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Curriculum vitae is a document every job seeker has to have in order to get the career going. Whether you are just starting your path or have already been on the job market for a while, you need to have an effective CV, and thus you surely need to learn to write it professionally.
The CV is, in most of the cases, the first form of contact you have with the potential employer, which means you need to make a good, lasting impression with your skills, experiences, and achievements, as well as the nice formatting and readability of the curriculum vitae.
You may not realize it, but there is a huge difference between a good CV and an excellent one. While good CVs leave employers doubting whether the candidate is what the company needs or not, excellent ones secure interviews without anyone questioning anything.
Here are a few sets of tips that will get your application to the next level.
• Do not make the CV more than two pages long; if you are an executive or have a great relevant list of experiences, you can make it 3-4 on top.
• Prioritize the skills and experience that match the ad and general requirements. This will help the HR manager see why he needs to hire you right away.
• Start with the short summary that briefly describes what kind of worker you are, and how many ambitions you have.
• Remember that the CV will be used during the interview.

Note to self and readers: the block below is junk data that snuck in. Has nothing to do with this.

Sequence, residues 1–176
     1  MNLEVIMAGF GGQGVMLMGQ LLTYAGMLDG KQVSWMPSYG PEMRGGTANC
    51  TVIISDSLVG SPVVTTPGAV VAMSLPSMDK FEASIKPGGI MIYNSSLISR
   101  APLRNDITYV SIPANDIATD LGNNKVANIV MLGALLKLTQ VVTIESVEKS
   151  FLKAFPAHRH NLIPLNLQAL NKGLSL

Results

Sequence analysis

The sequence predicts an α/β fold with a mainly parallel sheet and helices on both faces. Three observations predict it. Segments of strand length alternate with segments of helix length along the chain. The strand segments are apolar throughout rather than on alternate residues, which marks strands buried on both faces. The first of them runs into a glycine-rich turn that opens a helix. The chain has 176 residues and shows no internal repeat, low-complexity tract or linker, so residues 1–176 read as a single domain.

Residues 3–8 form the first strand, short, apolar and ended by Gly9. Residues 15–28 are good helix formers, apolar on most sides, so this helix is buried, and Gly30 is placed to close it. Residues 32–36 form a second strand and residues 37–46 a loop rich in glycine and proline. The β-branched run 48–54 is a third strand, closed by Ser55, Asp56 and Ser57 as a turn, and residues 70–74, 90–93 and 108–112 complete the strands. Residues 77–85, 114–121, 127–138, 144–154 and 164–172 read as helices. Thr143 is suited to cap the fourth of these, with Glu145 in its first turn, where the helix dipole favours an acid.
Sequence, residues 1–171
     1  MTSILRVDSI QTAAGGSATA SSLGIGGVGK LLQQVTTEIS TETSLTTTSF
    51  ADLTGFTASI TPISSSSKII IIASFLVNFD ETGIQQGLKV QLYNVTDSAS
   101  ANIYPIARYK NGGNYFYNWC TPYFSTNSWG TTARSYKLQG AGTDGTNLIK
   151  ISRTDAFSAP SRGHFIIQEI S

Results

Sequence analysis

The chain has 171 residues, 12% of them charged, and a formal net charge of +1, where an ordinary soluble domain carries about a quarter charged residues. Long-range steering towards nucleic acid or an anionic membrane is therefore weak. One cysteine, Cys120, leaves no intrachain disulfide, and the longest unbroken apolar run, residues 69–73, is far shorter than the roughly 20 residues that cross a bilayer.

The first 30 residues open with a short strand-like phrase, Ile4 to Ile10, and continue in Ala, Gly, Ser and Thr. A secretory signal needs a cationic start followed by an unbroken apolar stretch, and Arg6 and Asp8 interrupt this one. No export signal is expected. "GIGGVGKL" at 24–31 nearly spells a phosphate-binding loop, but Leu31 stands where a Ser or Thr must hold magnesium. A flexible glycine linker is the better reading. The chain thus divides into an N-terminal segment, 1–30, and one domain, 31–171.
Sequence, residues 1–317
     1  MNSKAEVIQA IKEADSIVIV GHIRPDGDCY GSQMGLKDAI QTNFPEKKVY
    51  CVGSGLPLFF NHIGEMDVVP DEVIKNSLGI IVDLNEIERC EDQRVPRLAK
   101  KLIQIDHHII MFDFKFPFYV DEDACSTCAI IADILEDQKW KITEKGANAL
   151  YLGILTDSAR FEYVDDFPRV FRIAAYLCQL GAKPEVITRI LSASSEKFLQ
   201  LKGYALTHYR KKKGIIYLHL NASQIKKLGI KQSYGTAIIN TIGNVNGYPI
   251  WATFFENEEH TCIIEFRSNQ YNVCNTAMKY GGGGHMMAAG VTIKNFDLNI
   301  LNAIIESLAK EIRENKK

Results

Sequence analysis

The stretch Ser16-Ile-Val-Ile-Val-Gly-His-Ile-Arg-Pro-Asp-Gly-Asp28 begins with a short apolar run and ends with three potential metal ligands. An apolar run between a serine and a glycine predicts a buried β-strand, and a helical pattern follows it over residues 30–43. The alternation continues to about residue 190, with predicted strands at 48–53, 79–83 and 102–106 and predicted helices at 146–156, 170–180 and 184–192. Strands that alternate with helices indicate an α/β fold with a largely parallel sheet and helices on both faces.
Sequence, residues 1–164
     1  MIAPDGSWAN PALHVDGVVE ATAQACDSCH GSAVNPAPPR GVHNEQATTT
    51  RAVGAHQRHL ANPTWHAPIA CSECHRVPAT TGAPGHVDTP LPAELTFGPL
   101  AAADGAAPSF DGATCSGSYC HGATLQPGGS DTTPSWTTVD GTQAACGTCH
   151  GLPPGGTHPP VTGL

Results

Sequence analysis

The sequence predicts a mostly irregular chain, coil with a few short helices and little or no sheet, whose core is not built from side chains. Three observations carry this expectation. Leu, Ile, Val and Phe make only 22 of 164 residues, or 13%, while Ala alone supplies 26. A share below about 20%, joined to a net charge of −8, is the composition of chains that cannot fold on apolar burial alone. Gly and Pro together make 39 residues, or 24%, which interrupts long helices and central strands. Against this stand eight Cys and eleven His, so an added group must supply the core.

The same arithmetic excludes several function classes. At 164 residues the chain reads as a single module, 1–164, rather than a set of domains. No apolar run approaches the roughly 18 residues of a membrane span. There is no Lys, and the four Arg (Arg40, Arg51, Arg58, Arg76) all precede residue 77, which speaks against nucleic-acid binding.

• Explain the gaps in the employment history if there are any and if you have enough space to do it. If not – leave any explanations for the cover letter.
• The CV should also give a glance on the way you progress in the field. If you are pursuing certain qualification, let the employers know.
• Do not just list the responsibilities you had while working for the previous companies. Think what you have achieved in the positions. It is not just about the way you carried the work out, but rather more about the results both for you and for the company. Show that you have increased sales or income, and put down the exact numbers.
• Show the skills and qualities that are relevant for the position or just may be useful for it, even if not directly related to the job.
• Make your CV look interesting and readable.
• Stick to the chronological CV style. If you are not a greenie and are not going for the extremely creative job such as designer, photographer, etc., chronological CVs are the best. They let you present the most recent experiences first so that you do not begin the list with the very first, the most likely unimpressive job you had when you were just starting.
• Leave more space for the descriptions of most recent job positions, as it is likely, you have shown yourself in the best way there.
• Do not forget to include the info on all educational and professional qualifications, as well as relevant training.
• Never mention things like marital status or religious beliefs. That is unnecessary in the CV and can only lead to bias from the manager’s side. The info like this should not also be asked at the interview, and it is your right not to answer related questions.
• Do not include any information about the previous salary and your current demands.
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